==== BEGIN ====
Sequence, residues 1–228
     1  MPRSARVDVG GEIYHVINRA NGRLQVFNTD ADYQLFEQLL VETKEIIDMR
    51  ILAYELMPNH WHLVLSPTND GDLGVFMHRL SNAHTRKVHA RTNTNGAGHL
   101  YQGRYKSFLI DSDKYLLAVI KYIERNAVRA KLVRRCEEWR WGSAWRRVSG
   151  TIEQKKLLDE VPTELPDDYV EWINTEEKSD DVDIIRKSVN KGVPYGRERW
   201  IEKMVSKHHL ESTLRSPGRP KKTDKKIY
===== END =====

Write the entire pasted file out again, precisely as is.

Sequence, residues 1–228
     1  MPRSARVDVG GEIYHVINRA NGRLQVFNTD ADYQLFEQLL VETKEIIDMR
    51  ILAYELMPNH WHLVLSPTND GDLGVFMHRL SNAHTRKVHA RTNTNGAGHL
   101  YQGRYKSFLI DSDKYLLAVI KYIERNAVRA KLVRRCEEWR WGSAWRRVSG
   151  TIEQKKLLDE VPTELPDDYV EWINTEEKSD DVDIIRKSVN KGVPYGRERW
   201  IEKMVSKHHL ESTLRSPGRP KKTDKKIY